Current Division Rule – Explanation, Formula & Derivation

What is Current Division Rule?

Current Division Rule states that the total current divided into either of the parallel combination of two resistance or impedance is inversely proportional to the value of resistance / impedance. It basically tells us how the current is divided in the parallel connected resistance. This rule is applicable for AC and DC circuit. However, this rule should not be applied when the number of resistances in parallel is more than two.


Let us consider the circuit below for better understanding. In this circuit the total current I is getting divided into two resistances R1 & R2. I1 and I2 being the current through R1 and R2 respectively.


As per current division rule, the current I1 & I2 will be inversely proportional to R1 and R2 respectively. This means,

I1 = K/R1 …….(1)

I2 = K/R2  …….(2)

where K is constant of proportionality.

But total current I is getting divided into I1 and I2. This simply means,

I = I1 + I2


I = K (1/R1 + 1/R2)

So, K = I x [(R1 R2) / (R1+ R2)]

From information (1) and (2),

I1 = Ix[R2/(R1+R2)]

I2 = Ix[R1/(R1+R2)]

Current Division Rule Formula:

The formula for current division rule may be written as below.

I1 = Ix[R2/(R1+R2)]

I2 = Ix[R1/(R1+R2)]

Carefully observe the above formula. You will notice that, if we want to find current through any one of the resistances (say R1), the total current (I) is multiplied with the ratio of another resistance (R2) & total resistance (R1+R2).


When a parallel combination of two resistances or impedance are connected to a source, the current in the gets divided into two paths. The value of current in each path or resistance depends on the value of resistance. The more the resistance, the lesser will be the current. This is because, the voltage across the parallel combination of resistance is same, hence the current will be divided into each of the resistance as per Ohm’s Law.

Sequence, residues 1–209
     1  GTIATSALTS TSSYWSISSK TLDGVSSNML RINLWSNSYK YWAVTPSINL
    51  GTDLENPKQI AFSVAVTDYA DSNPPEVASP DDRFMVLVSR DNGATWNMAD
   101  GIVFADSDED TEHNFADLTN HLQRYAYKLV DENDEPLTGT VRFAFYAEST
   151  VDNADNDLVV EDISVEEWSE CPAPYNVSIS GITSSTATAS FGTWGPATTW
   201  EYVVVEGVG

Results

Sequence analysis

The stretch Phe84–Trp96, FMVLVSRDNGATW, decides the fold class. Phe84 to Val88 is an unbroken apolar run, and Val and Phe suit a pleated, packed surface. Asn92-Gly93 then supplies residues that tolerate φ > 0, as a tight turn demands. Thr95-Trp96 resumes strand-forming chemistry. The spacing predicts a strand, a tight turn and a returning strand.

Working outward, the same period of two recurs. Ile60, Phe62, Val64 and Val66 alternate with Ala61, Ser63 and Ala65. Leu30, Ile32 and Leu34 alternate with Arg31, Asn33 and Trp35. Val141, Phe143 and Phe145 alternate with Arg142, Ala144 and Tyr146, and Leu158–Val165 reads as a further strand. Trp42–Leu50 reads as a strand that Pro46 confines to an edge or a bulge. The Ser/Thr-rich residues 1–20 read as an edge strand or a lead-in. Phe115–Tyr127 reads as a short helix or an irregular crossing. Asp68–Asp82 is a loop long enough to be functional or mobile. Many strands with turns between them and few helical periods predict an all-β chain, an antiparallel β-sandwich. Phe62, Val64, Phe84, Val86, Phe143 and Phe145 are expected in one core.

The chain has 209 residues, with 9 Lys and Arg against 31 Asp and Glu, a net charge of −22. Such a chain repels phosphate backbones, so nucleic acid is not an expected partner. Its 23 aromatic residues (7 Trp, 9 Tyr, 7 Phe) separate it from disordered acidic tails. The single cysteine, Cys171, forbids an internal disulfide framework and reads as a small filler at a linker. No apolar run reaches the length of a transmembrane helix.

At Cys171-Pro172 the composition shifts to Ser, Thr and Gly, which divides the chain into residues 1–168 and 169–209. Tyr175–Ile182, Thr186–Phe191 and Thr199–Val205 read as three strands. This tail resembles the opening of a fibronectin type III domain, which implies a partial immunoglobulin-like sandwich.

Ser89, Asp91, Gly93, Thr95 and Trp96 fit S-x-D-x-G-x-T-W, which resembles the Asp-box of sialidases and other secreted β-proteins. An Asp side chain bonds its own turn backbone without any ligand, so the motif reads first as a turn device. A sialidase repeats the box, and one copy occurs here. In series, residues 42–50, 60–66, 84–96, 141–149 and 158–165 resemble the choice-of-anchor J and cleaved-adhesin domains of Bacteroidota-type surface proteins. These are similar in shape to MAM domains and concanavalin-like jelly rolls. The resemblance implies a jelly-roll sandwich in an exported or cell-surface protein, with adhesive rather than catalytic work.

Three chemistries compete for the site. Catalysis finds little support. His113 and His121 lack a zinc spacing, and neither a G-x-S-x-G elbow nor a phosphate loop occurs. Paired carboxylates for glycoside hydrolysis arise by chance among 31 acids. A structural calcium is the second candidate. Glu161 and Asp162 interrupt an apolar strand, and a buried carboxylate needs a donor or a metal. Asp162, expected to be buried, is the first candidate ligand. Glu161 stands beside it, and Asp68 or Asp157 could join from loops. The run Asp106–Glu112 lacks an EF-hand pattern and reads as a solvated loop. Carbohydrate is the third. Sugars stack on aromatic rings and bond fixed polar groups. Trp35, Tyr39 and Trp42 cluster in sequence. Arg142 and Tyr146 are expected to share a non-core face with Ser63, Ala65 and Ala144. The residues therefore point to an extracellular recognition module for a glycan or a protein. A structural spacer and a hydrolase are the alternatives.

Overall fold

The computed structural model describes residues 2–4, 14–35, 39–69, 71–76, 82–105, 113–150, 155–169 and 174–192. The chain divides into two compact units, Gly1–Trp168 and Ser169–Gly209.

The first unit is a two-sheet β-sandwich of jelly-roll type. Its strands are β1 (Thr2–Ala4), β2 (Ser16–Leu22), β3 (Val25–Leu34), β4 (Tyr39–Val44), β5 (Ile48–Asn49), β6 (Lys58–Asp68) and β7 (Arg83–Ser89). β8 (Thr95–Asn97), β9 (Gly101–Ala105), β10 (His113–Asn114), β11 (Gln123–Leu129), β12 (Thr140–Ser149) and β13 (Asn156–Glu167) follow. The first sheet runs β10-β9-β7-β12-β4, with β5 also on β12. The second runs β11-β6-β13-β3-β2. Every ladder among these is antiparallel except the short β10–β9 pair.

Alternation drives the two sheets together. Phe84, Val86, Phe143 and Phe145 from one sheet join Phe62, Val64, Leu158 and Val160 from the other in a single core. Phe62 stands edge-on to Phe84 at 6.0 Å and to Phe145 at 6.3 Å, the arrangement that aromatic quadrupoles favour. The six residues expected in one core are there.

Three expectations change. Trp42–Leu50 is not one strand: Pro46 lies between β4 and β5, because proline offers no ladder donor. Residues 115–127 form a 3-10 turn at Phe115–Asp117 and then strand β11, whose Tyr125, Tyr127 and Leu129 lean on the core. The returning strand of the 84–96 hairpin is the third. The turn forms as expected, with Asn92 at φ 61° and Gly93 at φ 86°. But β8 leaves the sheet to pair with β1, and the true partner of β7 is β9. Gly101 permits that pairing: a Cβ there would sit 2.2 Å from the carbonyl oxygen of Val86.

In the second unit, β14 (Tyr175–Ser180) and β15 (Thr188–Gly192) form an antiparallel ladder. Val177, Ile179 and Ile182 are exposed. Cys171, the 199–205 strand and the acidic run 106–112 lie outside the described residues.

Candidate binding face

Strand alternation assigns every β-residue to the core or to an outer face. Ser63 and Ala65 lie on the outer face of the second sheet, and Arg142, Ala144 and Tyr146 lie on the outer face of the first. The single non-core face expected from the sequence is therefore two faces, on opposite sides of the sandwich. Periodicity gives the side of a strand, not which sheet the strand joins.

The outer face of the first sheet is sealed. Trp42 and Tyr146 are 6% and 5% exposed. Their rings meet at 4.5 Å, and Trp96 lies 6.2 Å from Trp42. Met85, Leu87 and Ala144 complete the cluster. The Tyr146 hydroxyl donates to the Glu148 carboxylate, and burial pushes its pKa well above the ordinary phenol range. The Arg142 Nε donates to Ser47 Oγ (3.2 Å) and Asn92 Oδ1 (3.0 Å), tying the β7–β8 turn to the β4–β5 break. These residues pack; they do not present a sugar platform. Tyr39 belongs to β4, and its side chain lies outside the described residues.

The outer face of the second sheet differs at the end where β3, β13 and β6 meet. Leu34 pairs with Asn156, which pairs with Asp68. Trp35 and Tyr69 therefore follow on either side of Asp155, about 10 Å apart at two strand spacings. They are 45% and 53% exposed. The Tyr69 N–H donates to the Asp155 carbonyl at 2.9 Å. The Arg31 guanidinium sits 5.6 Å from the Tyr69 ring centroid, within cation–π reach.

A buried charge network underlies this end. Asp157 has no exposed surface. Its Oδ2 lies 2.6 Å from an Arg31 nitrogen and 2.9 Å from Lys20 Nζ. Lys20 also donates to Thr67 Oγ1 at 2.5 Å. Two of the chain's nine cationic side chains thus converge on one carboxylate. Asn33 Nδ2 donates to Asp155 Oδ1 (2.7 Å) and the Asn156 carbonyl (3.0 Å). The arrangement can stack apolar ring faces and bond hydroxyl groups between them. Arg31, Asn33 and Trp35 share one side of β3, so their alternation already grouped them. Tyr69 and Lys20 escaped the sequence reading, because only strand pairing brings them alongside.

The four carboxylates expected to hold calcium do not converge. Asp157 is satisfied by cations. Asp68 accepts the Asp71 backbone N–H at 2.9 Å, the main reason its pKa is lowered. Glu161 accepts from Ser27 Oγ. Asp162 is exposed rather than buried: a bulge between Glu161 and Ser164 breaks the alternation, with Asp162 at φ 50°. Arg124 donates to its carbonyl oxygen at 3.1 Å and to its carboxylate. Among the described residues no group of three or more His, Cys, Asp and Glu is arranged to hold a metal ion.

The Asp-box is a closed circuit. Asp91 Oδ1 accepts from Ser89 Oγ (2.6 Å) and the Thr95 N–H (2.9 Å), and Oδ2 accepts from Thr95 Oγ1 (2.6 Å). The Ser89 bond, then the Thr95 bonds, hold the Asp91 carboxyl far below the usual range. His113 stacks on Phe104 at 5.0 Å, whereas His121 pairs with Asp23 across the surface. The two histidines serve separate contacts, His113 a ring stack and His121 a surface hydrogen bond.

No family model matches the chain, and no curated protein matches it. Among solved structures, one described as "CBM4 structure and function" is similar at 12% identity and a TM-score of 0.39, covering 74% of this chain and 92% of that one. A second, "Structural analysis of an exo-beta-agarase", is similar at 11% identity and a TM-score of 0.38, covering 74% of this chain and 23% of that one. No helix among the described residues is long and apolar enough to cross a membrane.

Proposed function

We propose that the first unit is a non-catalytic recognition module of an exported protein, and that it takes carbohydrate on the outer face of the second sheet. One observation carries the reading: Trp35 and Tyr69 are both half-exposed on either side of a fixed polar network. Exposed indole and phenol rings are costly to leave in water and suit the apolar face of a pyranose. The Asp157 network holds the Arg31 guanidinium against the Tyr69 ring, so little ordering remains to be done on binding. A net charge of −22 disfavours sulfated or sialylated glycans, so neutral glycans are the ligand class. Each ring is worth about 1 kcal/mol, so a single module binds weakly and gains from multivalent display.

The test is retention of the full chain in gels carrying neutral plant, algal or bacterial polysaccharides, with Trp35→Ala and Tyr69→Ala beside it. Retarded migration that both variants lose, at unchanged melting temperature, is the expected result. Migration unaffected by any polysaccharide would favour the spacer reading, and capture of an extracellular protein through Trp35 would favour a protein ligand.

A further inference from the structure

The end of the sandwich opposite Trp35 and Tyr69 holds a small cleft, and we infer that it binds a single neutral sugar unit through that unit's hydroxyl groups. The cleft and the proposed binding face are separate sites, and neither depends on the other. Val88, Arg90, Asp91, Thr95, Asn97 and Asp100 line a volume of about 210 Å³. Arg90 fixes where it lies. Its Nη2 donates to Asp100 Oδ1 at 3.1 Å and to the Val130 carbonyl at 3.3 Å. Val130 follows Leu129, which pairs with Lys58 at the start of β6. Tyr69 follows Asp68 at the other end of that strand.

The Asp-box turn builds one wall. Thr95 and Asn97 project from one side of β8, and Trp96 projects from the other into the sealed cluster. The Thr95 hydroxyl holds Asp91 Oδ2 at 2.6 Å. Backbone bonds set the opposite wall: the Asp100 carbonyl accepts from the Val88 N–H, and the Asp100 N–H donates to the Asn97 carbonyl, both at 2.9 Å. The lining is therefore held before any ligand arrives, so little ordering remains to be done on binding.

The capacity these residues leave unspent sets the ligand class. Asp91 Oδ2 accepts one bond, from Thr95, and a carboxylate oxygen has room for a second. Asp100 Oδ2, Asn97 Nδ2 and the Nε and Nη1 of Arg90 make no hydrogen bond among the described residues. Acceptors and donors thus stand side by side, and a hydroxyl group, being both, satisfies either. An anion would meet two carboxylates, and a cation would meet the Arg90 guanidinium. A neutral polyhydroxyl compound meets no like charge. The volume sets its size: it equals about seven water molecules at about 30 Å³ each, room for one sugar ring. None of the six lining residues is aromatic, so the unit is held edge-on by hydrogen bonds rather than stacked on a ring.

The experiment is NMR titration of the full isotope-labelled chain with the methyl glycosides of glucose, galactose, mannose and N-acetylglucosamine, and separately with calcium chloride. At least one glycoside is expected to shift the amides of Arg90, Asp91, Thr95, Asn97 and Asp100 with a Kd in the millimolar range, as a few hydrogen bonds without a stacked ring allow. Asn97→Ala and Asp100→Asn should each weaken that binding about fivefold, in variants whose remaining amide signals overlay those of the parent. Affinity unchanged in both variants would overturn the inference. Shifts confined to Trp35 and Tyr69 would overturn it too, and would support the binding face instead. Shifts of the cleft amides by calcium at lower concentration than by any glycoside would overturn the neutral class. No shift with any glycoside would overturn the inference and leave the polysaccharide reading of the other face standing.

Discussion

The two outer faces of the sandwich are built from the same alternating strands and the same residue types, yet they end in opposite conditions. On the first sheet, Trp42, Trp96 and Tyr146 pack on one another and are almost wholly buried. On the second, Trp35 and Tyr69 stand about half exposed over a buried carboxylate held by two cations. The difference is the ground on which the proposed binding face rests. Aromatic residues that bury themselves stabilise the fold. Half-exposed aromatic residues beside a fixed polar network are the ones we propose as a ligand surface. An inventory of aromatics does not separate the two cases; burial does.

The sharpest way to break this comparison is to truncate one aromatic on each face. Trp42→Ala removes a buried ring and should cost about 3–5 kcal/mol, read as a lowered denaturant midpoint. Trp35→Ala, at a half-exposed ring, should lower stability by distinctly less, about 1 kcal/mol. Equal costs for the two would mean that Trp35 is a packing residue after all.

Circuit below shows a parallel combination of resistance R1 & R2. Current through R1 and R2 are I1 & I2 respectively and the voltage drop across the combination is V. Total current is I. We are interested in calculating the value of current I1 & I2.


Since, the voltage across R1 is V, hence as per Ohm’s Law,

I1 = V/R1 …….(3)

Similarly, current through R2 is calculated as below.

I2 = V/R2  …….(4)

Compare the information (3) and (4) with information (1) & (2) respectively. You will notice that, the proportionality constant is the voltage V across the combination of resistances. Now, you may find the current I1 & I2 in the same fashion as calculated earlier in the post.

Since, I = I1 + I2


I = V (1/R1 + 1/R2)

So, V = I x [(R1 R2) / (R1+ R2)]

From information (3) and (4),

I1 = Ix[R2/(R1+R2)]

I2 = Ix[R1/(R1+R2)]

Thus, the total current is divided in the inverse ratio of resistance or impedance in a parallel connected resistances / impedances. This is current division rule.

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